- Mix ingredients: Add the almond meal, baking powder, ground flaxseed, and Himalayan salt to a bowl and mix the ingredients.
- Let the batter rest for 10 minutes, making the pancakes rise perfectly and become nice and fluffy.
- Heat and grease the pan: Set a large non-stick pan over medium heat and grease it with a teaspoon of butter.
- Bake: Pour 3 tablespoons of batter into the pan once it is hot. Bake the pancakes for 3-4 minutes or until the edges are bubbling. Then carefully flip the pancakes and bake for another 1-2 minutes. Repeat the process until all the batter is baked.
- Serve: Top the keto pancakes with the toppings of your choice and serve immediately.
Tips for the Best Keto Pancakes
Use the following tricks to make the perfect keto pancakes:
- Room temperature eggs: They don’t mix well with other ingredients when cold. Take the eggs out of the fridge 30 minutes before making them. This way, the pancakes become much softer, smoother, and fluffier.
- Use a ladle: If you want to make lovely, round pancakes like you would find in a restaurant, use a ladle to pour them slowly and evenly into the pan.
- Keep them warm: No one likes cold pancakes. If you’re making several pancakes, keeping them warm immediately is essential. The best way to do this is to turn your oven on to 150 °F (65 °C) and put the individual pancakes in as soon as they are ready.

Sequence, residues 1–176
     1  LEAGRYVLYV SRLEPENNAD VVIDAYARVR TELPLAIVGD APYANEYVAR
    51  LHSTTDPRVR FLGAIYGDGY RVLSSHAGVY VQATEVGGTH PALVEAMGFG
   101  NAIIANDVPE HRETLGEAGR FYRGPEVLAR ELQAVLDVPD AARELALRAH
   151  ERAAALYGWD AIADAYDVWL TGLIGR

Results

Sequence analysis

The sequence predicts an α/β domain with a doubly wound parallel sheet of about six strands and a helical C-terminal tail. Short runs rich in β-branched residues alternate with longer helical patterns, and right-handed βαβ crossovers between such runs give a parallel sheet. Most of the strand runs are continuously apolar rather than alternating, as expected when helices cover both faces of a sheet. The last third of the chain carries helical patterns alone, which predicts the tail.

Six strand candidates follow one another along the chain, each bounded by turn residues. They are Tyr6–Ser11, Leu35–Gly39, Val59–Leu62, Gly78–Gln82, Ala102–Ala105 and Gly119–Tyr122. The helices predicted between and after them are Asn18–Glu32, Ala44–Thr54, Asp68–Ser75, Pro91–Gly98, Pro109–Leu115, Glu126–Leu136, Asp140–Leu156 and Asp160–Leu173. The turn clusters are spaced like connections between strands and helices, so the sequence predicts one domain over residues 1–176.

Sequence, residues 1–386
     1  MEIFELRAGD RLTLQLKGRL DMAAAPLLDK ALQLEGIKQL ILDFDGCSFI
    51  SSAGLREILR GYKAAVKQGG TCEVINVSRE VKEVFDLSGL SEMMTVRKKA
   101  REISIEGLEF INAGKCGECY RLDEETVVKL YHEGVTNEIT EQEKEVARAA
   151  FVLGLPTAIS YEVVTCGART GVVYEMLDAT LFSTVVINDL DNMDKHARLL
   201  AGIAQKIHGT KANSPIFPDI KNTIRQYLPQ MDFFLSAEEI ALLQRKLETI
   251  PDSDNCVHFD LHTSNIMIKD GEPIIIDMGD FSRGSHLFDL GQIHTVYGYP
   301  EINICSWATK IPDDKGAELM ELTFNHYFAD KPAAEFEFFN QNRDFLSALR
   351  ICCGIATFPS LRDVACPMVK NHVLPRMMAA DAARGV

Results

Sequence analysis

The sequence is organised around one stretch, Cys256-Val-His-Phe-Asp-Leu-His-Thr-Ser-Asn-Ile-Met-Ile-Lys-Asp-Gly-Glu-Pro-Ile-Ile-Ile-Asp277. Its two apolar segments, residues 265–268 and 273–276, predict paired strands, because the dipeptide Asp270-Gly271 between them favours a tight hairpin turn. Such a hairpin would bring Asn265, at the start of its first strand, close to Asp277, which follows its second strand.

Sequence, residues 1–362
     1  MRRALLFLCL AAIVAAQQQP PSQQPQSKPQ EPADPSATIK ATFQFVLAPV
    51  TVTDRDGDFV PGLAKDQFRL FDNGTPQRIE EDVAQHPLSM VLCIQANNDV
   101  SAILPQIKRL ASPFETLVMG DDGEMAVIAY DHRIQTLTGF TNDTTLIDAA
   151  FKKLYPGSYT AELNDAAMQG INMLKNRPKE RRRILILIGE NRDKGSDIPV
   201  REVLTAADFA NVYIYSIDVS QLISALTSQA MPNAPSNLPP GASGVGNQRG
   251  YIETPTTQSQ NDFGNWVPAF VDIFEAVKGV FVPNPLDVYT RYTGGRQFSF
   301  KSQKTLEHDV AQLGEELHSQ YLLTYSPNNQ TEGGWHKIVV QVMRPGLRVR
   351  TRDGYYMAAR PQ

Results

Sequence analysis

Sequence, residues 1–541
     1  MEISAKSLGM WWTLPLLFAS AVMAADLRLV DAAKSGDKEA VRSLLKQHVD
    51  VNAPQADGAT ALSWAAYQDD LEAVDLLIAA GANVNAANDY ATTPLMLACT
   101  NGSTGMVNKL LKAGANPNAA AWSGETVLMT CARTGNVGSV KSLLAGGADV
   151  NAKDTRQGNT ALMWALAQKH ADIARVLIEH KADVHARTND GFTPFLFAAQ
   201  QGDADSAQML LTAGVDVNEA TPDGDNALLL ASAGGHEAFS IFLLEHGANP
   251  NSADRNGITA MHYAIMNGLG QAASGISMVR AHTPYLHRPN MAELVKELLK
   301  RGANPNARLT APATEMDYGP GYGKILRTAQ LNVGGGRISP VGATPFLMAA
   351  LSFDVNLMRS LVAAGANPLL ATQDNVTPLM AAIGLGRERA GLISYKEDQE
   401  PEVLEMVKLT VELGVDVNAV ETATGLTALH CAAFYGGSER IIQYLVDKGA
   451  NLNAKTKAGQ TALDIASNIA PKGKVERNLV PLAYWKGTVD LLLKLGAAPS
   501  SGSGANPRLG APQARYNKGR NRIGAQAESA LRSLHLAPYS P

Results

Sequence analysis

Fluffy Keto Pancakes (4 Ingredients)
- 4 eggs free-range
- 3.5 oz cream cheese full-fat
- 3.5 oz almond meal ground almonds
- 3 tsp baking powder
- 5 tsp erythritol optional
- Place eggs, cream cheese, and ground almonds in a large bowl and mix with a hand mixer. Let the batter rest for 10 minutes.
- Grease a large non-stick skillet with butter and place over medium heat. Once hot, add 3 tablespoons of batter to the pan. Bake the pancakes for 3-4 minutes or until the edges are bubbling. Carefully flip the pancakes and bake for another 1-2 minutes. Repeat the process until all the batter is baked.
- Serve the fluffy keto pancakes immediately.
Storing and Freezing
Storing: You can store leftovers in an airtight bag or container in the refrigerator for up to 5 days. I prefer to reheat them in a toaster on high temperature.
Freezing: In an airtight container or bag, you can keep the pancakes for 3 months in the freezer. You can make large portions at a time to freeze and always have a quick breakfast on hand. Reheating them in a toaster will take 2 minutes longer to warm through.
Frequently Asked Questions (FAQ)